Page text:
LGBT RIGHTS: Consensual same-sex sexual relations are criminalized in Togo. Penalties include fines and up to three years in prison. For further information on Lesbian, Gay, Bisexual and Transgender (LGBT) travel, please read our Information for LGBT Travelers page.
ACCESSIBILITY: While in Togo, individuals with disabilities may find accessibility and accommodation very different from what you find in the United States. While the law prohibits discrimination against persons with physical, mental, intellectual, and sensory disabilities in employment, education, access to health care, transportation, or in the provision of other state services, the government does not effectively enforce these provisions. The government does not mandate accessibility to public or private facilities for persons with disabilities, although some public buildings had ramps. There are very few sidewalks in the country, and handicapped access is not prioritized in construction or planning. U.S. citizens with disabilities that hinder mobility should consider this information when planning travel to Togo.
MEDICAL FACILITIES AND HEALTH INFORMATION: Medical facilities in Togo are limited and of very poor quality; emergency medical care is inadequate. Availability of medications through local pharmacies is unreliable, and travelers should carry all necessary medications, properly labeled, with them. Malaria, a serious and sometimes fatal disease, is prevalent in Togo.
You can find detailed information on vaccinations and other health precautions on the CDC Website. For information about outbreaks of infectious diseases abroad, consult the World Health Organization (WHO) website, which contains additional health information for travelers, including detailed country-specific health information.
Tuberculosis is an increasingly serious health concern in Togo. For further information, please consult the CDC's information on TB.
MEDICAL INSURANCE: You can’t assume your insurance will go with you when you travel. It’s very important to find out BEFORE you leave whether or not your medical insurance will cover you overseas. You need to ask your insurance company two questions:
In many places, doctors and hospitals still expect payment in cash at the time of service. Your regular U.S. health insurance may not cover doctor and hospital visits in other countries. If your policy doesn’t cover you when you travel, it’s a very good idea to purchase travel insurance for your trip. For more information, please see our medical insurance overseas page.
TRAFFIC SAFETY AND ROAD CONDITIONS: While in Togo, you may encounter road conditions that differ significantly from those in the United States. While some major thoroughfares in urban parts of Togo are paved, many secondary streets are not, and they can become severely flooded when it rains. Driving conditions are hazardous throughout Togo due to the presence of pedestrians, large swarms of small motorcycles, disorderly drivers (moped, car and truck drivers), livestock on the roadways, and the poor condition of the roads, which often contain deep potholes. Overland travel off the main network of roads generally requires a four-wheel-drive vehicle. Many drivers in Togo do not obey traffic laws and most traffic signals do not function properly. Drivers should be prepared for the possibility that other drivers may run red lights or stop signs or drive in the wrong direction on one-way streets.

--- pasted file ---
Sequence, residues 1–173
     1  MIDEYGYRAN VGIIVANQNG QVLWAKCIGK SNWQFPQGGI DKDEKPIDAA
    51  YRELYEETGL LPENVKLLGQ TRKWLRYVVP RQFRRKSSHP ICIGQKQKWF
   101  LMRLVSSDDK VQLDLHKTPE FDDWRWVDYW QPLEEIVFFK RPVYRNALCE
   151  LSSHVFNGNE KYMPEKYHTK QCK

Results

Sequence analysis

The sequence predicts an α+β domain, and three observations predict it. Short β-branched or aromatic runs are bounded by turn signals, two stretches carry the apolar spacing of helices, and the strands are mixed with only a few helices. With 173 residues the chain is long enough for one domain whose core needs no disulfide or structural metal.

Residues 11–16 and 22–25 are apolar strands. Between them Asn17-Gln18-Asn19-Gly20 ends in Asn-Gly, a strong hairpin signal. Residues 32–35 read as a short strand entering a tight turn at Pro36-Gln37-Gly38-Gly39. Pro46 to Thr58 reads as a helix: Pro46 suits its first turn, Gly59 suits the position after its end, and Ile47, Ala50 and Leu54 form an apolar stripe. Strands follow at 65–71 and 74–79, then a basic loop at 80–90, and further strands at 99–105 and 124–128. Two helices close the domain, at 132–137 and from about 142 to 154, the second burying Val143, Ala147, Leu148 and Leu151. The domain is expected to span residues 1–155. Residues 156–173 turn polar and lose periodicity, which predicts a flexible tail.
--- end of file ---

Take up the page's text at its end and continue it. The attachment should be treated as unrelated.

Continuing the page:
Nighttime travel is dangerous. Poorly marked checkpoints, often manned by armed, undisciplined soldiers, exist throughout the country, including in the capital. Banditry, including demands for bribes at checkpoints, has been reported on major inter-city highways, including the Lomé-Cotonou coastal highway. You should be aware of your surroundings and drive defensively. At official checkpoints, Togolese security officials prefer that you approach with your interior light on, and have your driver’s license, registration, and proof of insurance ready.
If driving in Lomé, you should be aware of the staged-accident ploy. In this scam, a motorbike will cut in front of you, cause a collision, and draw a crowd, which can turn hostile if you attempt to leave the scene of the so-called accident. Such encounters appear designed to extort money from the vehicle driver. Pedestrians have also staged accidents. Genuine accidents can also draw hostile crowds. You should always keep car doors locked and windows closed, and have a cell phone in the vehicle. If you are involved in an accident and feel you are in danger (e.g. if your vehicle is attacked or you are threatened) you should leave the scene, drive to a safe location such as your hotel or a police station, and alert both the police and the U.S. embassy. Carjackings are periodically reported in Togo and tend to increase during the summer months and holiday seasons.
You are advised to exercise caution when using any form of local public transportation. Never get into a taxi with unknown passengers and always agree on the fare before getting in.
Please refer to our Road Safety page for more information.
AVIATION SAFETY OVERSIGHT: As there is no direct commercial air service to the United States by carriers registered in Togo, the U.S. Federal Aviation Administration (FAA) has not assessed the government of Togo’s Civil Aviation Authority for compliance with International Civil Aviation Organization (ICAO) aviation safety standards. Further information may be found on the FAA’s safety assessment page.
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This replaces the Country Specific Information for Togo dated March 28, 2013, to update all sections.